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Old January 4, 2013, 12:08 AM   #27
Dr Big Bird PhD
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Join Date: October 26, 2012
Location: Los Angeles, CA
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I do not deny her antipathy for Marx. However, an antipathy for Marx did not keep her from a recurrent, and I would say ultimately empty, appeal to a false objectivity that rests at the core of materialism. (" Materialism"used here is the assertion that material objects enjoy existence independent of perception, and constitute the entirety of reality.)
I see much better now what you intended to say. I was imagining a more modern definition of the term "materialism".

While heavily redundant ad nauseum, I think you are missing her point. Reality exists separately of perception. The moon would still exist in its entirety without any difference to the way it is today (minus a flag or two haha) if there were no life on Earth to perceive it. Since this is axiomatic in a discussion, we are left with perceiving reality through the faculties given to us, the senses. Any method that science or technology has given us to perceive this reality outside of our senses is only a result of our previous empiricism based on these original senses.
To put it simply, If a tree falls in the forest and nobody is around to hear it does it make a sound?
Objectively yes. However, the irony is we could not discover that objectivity without subjective perception. Which is where I think you meet your inherent disagreement with her.
My only response is that for hundreds of years, Newton's law of force was widely accept as an objective model to judge reality. However this same model falls apart at subatomic levels. Ultimately imperfect, this pure approach and attempt at objectivity for the calculation of force lead to some of the greatest inventions and revelations ever, including the industrial revolution..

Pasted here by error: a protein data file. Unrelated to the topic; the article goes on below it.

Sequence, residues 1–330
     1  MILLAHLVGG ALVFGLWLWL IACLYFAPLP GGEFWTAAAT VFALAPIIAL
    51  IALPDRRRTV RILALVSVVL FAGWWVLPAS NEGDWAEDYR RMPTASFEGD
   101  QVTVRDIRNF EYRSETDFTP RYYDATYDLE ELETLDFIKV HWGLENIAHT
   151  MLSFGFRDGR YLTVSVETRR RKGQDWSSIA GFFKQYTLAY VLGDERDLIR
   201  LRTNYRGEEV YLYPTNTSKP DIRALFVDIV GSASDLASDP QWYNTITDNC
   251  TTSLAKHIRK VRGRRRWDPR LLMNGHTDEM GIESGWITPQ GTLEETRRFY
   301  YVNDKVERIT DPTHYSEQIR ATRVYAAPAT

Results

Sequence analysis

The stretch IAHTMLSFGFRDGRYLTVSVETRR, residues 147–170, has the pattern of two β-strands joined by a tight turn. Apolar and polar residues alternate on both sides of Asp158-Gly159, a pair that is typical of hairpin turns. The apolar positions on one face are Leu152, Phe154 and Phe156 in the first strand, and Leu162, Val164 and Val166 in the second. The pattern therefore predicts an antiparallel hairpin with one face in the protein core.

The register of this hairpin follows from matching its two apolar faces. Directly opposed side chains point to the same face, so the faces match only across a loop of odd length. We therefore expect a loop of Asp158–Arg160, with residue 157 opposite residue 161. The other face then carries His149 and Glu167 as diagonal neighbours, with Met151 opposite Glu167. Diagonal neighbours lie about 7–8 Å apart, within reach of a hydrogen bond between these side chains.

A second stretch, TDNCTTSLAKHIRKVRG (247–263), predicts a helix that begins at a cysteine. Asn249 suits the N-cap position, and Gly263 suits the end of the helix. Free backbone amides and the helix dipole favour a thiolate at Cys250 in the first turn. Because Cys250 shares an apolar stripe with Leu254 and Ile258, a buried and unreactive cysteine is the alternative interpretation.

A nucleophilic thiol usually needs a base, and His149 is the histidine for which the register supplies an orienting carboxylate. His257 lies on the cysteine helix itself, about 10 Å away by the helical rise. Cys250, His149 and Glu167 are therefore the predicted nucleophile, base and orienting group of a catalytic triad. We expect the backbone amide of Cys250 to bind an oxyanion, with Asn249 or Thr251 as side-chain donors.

Objective models may be in theory impossible to fully comprehend and establish, yet it is the attempt and the refinement of that attempt that takes our civilization forward.

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Rand's writing is ideological and radical in a way that reflects the influence of the French Enlightenment. It arises a priori from her ideology and a very continental way.
Irrelevant to its validity. Interesting however, I was unaware.

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Early Americans were products of the English Enlightenment, which was far more moderate and pragmatic. Its ideas and temperament distinguish it from what would sweep the continent over the next two centuries.
I hardly think that anything in the constitution would be held as "moderate" or "tempered" in relation to the other ideologies of the time.
For one, the 2nd Amendment was and still is an extremely radical concept. Our own damn government wont even recognize the last four words: "Shall not be Infringed".